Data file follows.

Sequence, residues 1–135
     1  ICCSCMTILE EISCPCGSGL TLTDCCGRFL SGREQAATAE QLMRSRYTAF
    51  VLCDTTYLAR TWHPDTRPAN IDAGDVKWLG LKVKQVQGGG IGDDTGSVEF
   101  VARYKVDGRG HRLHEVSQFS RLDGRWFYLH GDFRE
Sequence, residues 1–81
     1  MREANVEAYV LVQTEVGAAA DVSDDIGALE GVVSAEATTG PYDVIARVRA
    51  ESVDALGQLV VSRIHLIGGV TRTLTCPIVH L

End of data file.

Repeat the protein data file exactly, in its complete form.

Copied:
Sequence, residues 1–135
     1  ICCSCMTILE EISCPCGSGL TLTDCCGRFL SGREQAATAE QLMRSRYTAF
    51  VLCDTTYLAR TWHPDTRPAN IDAGDVKWLG LKVKQVQGGG IGDDTGSVEF
   101  VARYKVDGRG HRLHEVSQFS RLDGRWFYLH GDFRE
Sequence, residues 1–81
     1  MREANVEAYV LVQTEVGAAA DVSDDIGALE GVVSAEATTG PYDVIARVRA
    51  ESVDALGQLV VSRIHLIGGV TRTLTCPIVH L